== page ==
Photo 1. Small, dark angular spots of Alternaria leaf spot caused by Alternaria dauci. During humid weather the spots join together developing into a blight - a rapid death of the leaves.
Carrot leaf spot, Alternaria leaf spot of carrot
Alternaria dauci. Note, another fungus, Cercospora carotae, produces similar symptoms.
Worldwide. asia, Africa, North, South and Central America, the Caribbean, Europe, Oceania. The leaf blight has been recorded from Australia, Cook Islands, Fiji, French Polynesia, New Caledonia, New Zealand, Papua New Guinea, Samoa, Tonga, and Vanuatu.
Members of the carrot or parsley family, Apiaceae (or Umbelliferae): mostly carrot, but also celery, dill, parsley, parsnip, wild carrot.
Older leaves are attacked first. Dark grey to brown spots, angular, with yellow margins, occur on the leaves and petioles (Photo 1). Under favourable conditions the spots merge and the leaves rapidly blacken, wither and die (Photos 2-4). Spores spread from the older leaves to the younger ones, which also become infected. The fungus also causes a seedling pre- or post-emergence damping-off (see Fact Sheet no. 47).
Alternaria survives after harvest on crop remains in the soil; it also survives between crops on and perhaps inside seed. Tests suggest that infection occurs in about 20% of the seed. Seed infection can lead to damping-off of seedlings. Spread over short distances is in wind-driven rain, and on seed over long distances.
Note, a similar disease is caused by another fungus, Cercospora carotae. Circular tan or grey spots are produced on the leaves and leaf stalks, and during humid weather these merge resulting in a blight.
The fungus that causes the disease is present in all areas where the crop is grown, and it can cause serious economic loss during rainy weather. The disease starts on the older leaves and rapidly spreads to those that are younger, resulting in rapid death and blackening of the foliage; this is called a blight.
Look for the small dark leaf spots surrounded by yellow halos. However, it is difficult to tell the difference between Alternaria dauci and Cercospora carotae. Look at the spots: those of Alternaria are dark-brown to black, with clear yellow halos, and dark centres; the spots of Cercospora are light brown (tan coloured), and circular.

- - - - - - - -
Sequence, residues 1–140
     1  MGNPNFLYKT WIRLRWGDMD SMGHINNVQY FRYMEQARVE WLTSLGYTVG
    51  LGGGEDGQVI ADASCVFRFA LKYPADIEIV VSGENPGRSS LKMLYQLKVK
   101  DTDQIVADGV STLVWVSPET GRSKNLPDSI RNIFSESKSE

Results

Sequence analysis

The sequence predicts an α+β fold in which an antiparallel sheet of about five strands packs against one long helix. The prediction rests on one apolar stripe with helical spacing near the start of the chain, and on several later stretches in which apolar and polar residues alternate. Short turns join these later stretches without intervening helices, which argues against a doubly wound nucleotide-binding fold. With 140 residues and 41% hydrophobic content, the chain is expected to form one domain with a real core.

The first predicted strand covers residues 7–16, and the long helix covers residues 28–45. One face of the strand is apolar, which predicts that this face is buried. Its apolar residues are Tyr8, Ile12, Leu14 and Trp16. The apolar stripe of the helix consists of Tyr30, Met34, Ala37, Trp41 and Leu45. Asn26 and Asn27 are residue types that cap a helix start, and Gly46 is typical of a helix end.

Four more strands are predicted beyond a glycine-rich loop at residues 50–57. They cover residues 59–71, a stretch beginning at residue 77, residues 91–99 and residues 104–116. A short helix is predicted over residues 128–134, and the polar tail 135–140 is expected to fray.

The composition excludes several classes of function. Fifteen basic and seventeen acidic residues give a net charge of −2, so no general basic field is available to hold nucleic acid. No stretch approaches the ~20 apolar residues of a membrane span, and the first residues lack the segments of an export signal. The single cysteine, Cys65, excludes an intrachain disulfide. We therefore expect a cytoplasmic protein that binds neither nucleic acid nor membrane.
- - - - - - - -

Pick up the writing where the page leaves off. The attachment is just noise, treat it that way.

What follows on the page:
There are tolerant varieties of carrot.
Seed treatment: Dust seed with thiram or captan fungicides to prevent seedling damping-off.
In the field: Fungicides are commonly used to control this disease, and protectants (e.g., iprodione, copper formulations, mancozeb and chlorothalonil), and systemic products (e.g., those in the strobilurin and triazole groups), are used.
AUTHOR Grahame Jackson
Information (and Photo 1) is from Diseases of vegetable crops in Australia (2010). Editors, Denis Persley, Tony Cooke, Susan House. CSIRO Publishing; and from Gerlach WWP (1988) Plant diseases of Western Samoa. Samoan German Crop Protection Project, Deutsche Gesellschaft für Technische Zusammenarbeit (GTZ) Gmbh, Germany. Photo 2 Kohler F, Pellegrin F, Jackson G, McKenzie E (1997) Diseases of cultivated crops in Pacific Island countries. South Pacific Commission. Pirie Printers Pty Limited, Canberra, Australia. Photo 3 David B. Langston University of Georgia. Photo 4 McKenzie E (2013) Alternaria dauci PaDIL - (http://www.padil.gov.au).
Produced with support from the Australian Centre for International Agricultural Research under project PC/2010/090: Strengthening integrated crop management research in the Pacific Islands in support of sustainable intensification of high-value crop production, implemented by the University of Queensland and the Secretariat of the Pacific Community.
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